The T26E4 was a heavy tank armed with a high velocity gun to counter the firepower of the latest German heavy panzers. With the T26E3 Pershing ongoing for serial production, the Ordnance Department had authorized a diversion of 25 T26E3s from their original configuration to mount the latest anti-tank gun in development, the 90 mm T15 L/73 high velocity gun. The first temporary pilot of the vehicle, designated as Heavy Tank T26E4-1 “Super Pershing” was sent into combat in April 1945. Using the earlier T26E1 hull, extensive modifications to its fire control was required due to the turret being originally designed to mount the shorter 90 mm M3 L/53 cannon only.
A 90 mm T15E1 with single piece ammunition was hastily installed on the first temporary pilot T26E4-1. Because the gun proved to be too heavy for the tank’s size, the hull was heavily modified, requiring two large equilibrator springs mounted externally on top of the turret to control elevation of the gun. To balance the extremely heavy barrel on the front, a large counterweight was welded at the rear of the turret. Other modifications involved the installation of heavier elevation gear, turret traveling and turret ring locks, and the gun cradle. The second temporary pilot T26E4-2 retained all the modifications of the first temporary pilot, but had now used the hull of the T26E3 instead, and mounted a 90 mm T15E2 with separate piece ammunition.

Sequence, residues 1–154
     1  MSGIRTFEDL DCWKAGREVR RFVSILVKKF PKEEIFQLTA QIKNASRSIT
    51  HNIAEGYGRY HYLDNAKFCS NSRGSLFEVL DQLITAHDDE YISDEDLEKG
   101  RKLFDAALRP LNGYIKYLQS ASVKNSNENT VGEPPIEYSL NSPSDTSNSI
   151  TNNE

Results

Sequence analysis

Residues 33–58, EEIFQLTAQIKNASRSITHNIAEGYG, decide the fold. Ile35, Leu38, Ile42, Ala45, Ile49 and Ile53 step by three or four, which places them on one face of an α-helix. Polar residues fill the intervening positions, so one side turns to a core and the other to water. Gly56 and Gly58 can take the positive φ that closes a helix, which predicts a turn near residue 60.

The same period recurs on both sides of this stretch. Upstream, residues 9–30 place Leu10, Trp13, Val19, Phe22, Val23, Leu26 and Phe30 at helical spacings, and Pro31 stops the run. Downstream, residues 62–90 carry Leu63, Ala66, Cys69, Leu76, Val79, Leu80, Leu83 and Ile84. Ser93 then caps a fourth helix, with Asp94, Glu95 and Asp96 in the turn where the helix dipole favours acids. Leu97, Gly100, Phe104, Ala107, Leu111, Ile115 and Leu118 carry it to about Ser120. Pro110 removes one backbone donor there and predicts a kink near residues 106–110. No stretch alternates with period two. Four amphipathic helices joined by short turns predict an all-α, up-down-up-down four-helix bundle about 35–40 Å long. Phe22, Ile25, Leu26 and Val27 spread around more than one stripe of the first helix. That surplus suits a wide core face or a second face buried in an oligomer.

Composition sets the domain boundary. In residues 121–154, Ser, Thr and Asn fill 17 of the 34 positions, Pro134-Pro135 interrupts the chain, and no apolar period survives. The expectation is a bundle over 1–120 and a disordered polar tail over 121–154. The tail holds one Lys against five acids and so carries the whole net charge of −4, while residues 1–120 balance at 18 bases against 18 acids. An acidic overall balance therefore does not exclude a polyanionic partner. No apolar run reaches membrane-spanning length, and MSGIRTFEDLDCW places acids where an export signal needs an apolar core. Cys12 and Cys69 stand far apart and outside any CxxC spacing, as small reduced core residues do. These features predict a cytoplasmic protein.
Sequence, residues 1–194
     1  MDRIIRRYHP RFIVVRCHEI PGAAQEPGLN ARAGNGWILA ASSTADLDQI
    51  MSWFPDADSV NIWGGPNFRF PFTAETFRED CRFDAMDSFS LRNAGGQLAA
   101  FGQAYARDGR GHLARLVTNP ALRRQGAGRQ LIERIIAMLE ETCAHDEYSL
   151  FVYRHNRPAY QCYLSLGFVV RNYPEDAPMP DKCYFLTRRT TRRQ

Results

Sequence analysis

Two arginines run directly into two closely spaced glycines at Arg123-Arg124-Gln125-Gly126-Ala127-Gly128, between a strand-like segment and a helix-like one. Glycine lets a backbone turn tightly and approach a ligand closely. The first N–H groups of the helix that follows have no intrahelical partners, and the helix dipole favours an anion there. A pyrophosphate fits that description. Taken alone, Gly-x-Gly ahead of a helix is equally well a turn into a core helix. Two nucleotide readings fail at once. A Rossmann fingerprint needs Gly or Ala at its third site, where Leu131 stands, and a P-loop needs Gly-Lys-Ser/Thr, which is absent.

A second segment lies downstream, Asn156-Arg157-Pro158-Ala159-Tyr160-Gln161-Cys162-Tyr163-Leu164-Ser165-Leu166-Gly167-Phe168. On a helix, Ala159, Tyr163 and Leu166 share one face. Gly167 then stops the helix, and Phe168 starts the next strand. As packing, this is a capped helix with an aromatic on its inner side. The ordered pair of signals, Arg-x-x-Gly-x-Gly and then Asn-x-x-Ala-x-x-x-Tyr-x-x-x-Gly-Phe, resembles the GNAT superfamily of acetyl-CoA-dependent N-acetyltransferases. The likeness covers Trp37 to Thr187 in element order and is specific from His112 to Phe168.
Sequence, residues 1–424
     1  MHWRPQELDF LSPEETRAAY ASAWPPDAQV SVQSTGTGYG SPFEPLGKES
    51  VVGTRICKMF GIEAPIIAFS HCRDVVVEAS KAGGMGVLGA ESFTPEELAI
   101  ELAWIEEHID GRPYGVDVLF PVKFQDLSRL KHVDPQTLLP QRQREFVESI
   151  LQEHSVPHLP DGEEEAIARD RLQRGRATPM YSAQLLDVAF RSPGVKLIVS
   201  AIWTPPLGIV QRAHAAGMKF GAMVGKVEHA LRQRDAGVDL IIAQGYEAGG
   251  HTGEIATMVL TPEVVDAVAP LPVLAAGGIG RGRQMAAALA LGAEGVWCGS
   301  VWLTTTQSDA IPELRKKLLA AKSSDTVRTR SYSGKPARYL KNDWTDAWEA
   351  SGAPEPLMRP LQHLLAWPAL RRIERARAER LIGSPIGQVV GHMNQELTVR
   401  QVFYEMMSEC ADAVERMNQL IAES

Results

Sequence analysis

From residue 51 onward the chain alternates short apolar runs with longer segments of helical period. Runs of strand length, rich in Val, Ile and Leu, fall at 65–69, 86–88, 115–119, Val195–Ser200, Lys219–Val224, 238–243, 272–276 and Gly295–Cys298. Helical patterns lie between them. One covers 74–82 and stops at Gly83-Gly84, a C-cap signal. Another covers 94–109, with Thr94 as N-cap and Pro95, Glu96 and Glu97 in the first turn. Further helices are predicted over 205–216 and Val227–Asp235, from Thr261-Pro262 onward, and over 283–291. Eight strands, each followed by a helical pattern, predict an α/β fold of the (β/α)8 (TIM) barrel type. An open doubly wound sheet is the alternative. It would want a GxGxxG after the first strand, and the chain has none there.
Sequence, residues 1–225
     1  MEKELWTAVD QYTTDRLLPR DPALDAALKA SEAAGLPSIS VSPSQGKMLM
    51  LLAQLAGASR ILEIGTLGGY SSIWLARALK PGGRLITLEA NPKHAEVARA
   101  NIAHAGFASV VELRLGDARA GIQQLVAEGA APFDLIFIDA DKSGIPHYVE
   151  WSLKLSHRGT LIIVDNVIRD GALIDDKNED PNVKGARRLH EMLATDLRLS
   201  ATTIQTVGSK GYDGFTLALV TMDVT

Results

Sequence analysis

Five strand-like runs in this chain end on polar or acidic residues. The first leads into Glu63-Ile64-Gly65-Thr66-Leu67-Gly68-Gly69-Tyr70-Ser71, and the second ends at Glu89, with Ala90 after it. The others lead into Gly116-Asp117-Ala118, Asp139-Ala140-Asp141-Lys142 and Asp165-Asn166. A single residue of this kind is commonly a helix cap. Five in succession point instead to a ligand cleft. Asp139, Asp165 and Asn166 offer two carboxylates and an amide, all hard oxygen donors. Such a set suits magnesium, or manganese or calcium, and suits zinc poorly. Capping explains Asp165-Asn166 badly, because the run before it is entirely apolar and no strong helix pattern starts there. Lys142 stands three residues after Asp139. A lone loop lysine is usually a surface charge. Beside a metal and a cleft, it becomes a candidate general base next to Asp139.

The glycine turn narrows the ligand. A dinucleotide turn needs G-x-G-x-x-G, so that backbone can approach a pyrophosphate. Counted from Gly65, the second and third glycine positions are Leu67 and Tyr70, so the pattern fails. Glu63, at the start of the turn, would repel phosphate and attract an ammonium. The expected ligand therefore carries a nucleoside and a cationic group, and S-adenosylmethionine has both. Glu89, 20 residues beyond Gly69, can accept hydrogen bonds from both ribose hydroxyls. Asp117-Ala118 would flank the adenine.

As the T26 turret wasn’t clearly designed to adapt the 90 mm T15 gun, additional modifications were authorized for a proper production T26E4 by incorporating a hydropneumatic equilibrator mounted internally within the turret to replace the external spring equilibrator and rearranged ammo racks. This production version would later be applied to the remaining 23 T26E4s. However, as many modifications as there could be, the T26E4 turret remained the same as the T26E3 turret by design. It still couldn’t wield such a long-barreled cannon effectively without some reliability issues.
The US Tank Destroyer doctrine was well renowned for its use of turreted self-propelled guns, designated as “Gun Motor Carriage” by the U.S. nomenclature in World War II. The intended role for this anti-tank vehicle design was to quickly adapt to the rapidly mobile battlefield, as well as to intercept, defend, and secure strategic locations against the enemy armored forces. A turret could provide an effective and immediate response against threats from more than just a single direction… even if some vehicles did not totally fit into that description (see the M10 TD and M8 GMC and their manually-traversed turret).
But such a design choice did not deter the U.S. Army Ordnance’s attempt to go on a venture and experiment with building turretless gun motor carriages. Most of them usually ended up as no more than just a single-working prototype to demonstrate their performance in trials. However, few of them made their way into a working interim solution until a proper turreted vehicle could roll out into production. Such an anti-tank vehicle was to be armed with an ancient 3-inch (76.2 mm) anti-air gun on top of a modified M3 Medium Tank chassis. Enter the 3-inch Gun Motor Carriage M9.